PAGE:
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Ikea's generative AI shopping assistant can answer consumer questions about products and availability and create checkout links.

Ikea released a new generative artificial intelligence (AI) shopping tool, the retailer announced Feb. 5. The tool is available in the OpenAI GPT store with the $20 per month Plus membership in the U.S. Ikea says it will expand the tool to other markets in 2024.

“The new IKEA AI Assistant on GPT Stores is an ongoing initiative, and the continuation of a journey that looks to enrich the retail experience and explore additional avenues to interact with our customers and coworkers, as they help us improve and develop further,” Parag Parekh, global chief digital officer for Ikea Retail, said in a statement.

Ikea is No. 7 in the Europe Database, Digital Commerce 360’s ranking of the largest online retailers in the region.

How does Ikea’s generative AI assistant work?

Consumers can access the Ikea AI assistant through ChatGPT. Users can ask questions about Ikea’s catalog and product availability at a specific store. A customer can tell the tool that he is looking for a dining table that seats eight, and ChatGPT will respond with images of products that fit the description, along with prices and a look at average customer ratings, according to an example video Ikea shared. It can also provide a link directly to checkout with the item on Ikea’s website.

Ikea generative AI assistant

Ikea’s generative AI assistant is available in the U.S.


Users can also ask for design tips, or ask the tool to show them furnishings within specific parameters. For example, ‘’Show me a cozy living room layout for a small apartment with the use of sustainable materials.’’ Requests can be more specific, too, asking how certain Ikea products would look together in a kitchen, for example.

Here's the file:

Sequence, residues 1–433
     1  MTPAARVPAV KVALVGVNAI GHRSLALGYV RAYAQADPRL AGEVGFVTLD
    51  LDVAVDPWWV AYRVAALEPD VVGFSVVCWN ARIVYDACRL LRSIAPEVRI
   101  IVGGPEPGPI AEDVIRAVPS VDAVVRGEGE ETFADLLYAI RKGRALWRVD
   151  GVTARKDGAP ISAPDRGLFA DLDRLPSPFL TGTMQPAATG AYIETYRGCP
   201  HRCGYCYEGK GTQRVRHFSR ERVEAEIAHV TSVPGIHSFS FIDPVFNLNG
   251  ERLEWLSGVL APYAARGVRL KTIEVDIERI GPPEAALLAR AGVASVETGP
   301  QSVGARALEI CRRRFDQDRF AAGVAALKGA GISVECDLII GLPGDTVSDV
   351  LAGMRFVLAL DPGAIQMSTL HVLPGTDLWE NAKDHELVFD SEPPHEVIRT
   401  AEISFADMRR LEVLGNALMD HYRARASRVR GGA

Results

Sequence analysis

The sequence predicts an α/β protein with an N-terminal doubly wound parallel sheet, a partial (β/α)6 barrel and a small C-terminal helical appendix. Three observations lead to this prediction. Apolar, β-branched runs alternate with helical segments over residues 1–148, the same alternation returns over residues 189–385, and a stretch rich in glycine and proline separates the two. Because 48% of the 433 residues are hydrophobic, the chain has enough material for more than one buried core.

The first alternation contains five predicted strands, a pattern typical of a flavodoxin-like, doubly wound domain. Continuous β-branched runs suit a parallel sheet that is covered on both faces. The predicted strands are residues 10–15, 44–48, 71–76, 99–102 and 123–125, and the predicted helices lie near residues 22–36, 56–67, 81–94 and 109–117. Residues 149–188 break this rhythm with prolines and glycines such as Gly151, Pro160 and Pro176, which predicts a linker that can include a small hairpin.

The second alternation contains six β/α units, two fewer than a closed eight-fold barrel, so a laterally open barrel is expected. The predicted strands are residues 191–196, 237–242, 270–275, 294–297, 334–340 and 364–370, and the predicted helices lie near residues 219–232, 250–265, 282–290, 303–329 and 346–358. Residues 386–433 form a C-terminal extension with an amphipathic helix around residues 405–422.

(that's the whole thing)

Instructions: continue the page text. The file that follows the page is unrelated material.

“We are taking a pragmatic, execution-focused approach, learning by doing and capitalizing on our early efforts of a Responsible AI framework. We activated a broad ecosystem of partners to bring to life several experiments, so that we can take part in the AI evolution as we shape our company strategy,” Francesco Marzoni, chief data and analytics officer at Ikea Retail, said in a statement.

Consumer-facing generative AI

Ikea joins other major retailers in releasing generative AI tools consumers can use to find and purchase goods online. Amazon.com Inc. recently debuted Rufus, a new generative AI shopping assistant trained on Amazon’s product catalog. So far, the assistant is available to a small subset of U.S. customers to answer shopping questions and make recommendations, Amazon said. It will roll out to all U.S. customers in a few weeks.

Walmart is also rolling out ways consumers can use generative AI as they shop. Walmart released a new generative AI-powered search capability in its app at the Consumer Electronics Show in January. 


The search function uses Microsoft’s large language model (LLM) alongside Walmart’s data to give consumers relevant results across product categories. Walmart CEO Doug McMillon gave the example of a shopper hosting a Super Bowl watch party. Rather than searching for a new TV, chicken wings, chips, and other essentials, one search would generate all of these items, he said, without the user manually inputting the specifics of each type of product.

The generative AI search will also take into account factors about the specific app user. A consumer’s location, search history, and other relevant information will be used to further refine their results, McMillon said.

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